FACTS ON LIONS
Facts About Lions
Lions are not yet an endangered species. However, they are listed as “Vulnerable” by the International Union for the Conservation of Nature (IUCN) because of the fact that their numbers have been steadily declining over the past few decades.
Lions once were common throughout Africa, the Middle East, Southern Asia, and even Southern Europe. Now there are around 30,000 remaining, mostly in sub-Saharan Africa, with a small population of a few hundred Asian lions remaining in India. The main reason for the decline has been relentless persecution by humans, who have always viewed them as a threat to life and livestock. In addition, in recent decades, there have been fewer prey animals available to lions because of environmental factors related to human activity as well as the fact that people have been hunting those same prey animals.
Of all the big cats, lions are second only to tigers in terms of size, with the largest males reaching 250 kilos, or 550 pounds, in weight. Females are smaller.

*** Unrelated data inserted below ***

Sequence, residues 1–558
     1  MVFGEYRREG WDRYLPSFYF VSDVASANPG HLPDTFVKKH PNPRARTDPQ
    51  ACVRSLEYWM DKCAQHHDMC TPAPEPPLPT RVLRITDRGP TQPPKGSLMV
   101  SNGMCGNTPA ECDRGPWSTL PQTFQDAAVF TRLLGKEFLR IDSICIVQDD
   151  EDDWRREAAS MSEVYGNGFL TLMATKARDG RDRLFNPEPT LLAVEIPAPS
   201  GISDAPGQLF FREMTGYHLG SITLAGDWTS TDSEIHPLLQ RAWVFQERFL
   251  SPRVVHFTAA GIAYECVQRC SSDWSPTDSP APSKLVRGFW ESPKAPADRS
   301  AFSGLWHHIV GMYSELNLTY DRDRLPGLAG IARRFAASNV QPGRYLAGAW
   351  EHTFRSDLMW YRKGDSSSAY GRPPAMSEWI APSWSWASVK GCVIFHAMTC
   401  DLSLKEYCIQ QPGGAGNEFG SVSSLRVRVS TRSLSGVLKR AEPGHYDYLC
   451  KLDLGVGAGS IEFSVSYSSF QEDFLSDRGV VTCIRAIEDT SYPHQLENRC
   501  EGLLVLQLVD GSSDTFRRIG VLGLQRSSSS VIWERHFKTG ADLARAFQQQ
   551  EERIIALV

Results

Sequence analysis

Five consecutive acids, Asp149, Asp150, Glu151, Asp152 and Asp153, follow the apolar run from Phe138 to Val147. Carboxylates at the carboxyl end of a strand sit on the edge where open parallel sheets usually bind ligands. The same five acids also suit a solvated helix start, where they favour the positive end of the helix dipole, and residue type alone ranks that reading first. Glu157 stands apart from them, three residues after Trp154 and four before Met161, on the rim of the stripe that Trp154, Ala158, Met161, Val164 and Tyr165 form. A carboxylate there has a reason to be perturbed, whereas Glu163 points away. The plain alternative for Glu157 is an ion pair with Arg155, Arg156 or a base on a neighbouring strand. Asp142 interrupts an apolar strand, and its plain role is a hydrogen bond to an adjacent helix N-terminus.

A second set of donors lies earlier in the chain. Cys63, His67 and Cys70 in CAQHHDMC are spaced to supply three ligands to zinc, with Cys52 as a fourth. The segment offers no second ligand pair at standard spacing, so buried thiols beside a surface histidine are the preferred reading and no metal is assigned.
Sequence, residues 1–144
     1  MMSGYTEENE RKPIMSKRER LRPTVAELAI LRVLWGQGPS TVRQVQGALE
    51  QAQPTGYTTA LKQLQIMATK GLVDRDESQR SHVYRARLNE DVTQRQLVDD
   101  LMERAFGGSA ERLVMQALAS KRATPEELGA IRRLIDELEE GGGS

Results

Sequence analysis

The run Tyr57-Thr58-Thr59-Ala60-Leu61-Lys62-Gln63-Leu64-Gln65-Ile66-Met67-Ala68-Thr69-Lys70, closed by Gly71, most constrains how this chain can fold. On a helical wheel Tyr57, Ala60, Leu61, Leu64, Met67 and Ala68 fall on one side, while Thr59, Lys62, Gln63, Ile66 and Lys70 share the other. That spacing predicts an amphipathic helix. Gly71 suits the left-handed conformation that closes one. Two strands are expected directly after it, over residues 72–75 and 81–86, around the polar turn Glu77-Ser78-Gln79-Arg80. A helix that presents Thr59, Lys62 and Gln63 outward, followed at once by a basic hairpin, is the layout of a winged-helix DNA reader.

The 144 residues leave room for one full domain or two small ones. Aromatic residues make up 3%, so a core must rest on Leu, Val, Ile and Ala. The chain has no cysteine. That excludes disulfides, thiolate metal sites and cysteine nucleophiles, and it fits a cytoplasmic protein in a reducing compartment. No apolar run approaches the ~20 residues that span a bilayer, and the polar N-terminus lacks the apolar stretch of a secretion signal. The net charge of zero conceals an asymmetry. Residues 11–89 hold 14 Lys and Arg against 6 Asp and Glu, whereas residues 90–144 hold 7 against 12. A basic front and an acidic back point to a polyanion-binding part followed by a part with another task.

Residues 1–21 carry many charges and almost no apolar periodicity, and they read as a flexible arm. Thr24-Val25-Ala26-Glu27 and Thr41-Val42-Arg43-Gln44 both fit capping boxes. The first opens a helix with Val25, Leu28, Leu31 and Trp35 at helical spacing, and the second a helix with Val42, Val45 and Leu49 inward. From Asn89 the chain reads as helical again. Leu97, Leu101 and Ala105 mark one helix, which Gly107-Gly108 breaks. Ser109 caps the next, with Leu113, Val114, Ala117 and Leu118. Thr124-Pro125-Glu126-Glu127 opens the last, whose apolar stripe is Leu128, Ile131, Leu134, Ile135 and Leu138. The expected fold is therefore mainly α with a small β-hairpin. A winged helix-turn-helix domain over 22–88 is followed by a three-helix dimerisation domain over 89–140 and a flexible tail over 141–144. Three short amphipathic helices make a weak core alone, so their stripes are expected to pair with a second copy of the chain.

Lions are the most sociable of all the world’s cats. They live in families called “prides,” which consist of a number of females and one or more dominant males who defend the family against other males. Life in a lion pride is very competitive, with the males taking the lion’s share of any kill, and the smallest cubs eating last. Because of this, many cubs do not survive.
The females of the pride do much of the hunting, with wildebeest and zebras being the main prey animals of most lion families. However, male lions also do some of the hunting, especially when the pride consists of only a few animals, or the prey animal is a large one, such as an elephant.
Contrary to popular belief, the lion is not “King of the Jungle,” because lions generally do not live in jungles, preferring more open grasslands instead. In African jungles, the leopard is the top predator, while in Asia, the tiger is the true jungle monarch—and leopards try to stay out of their way.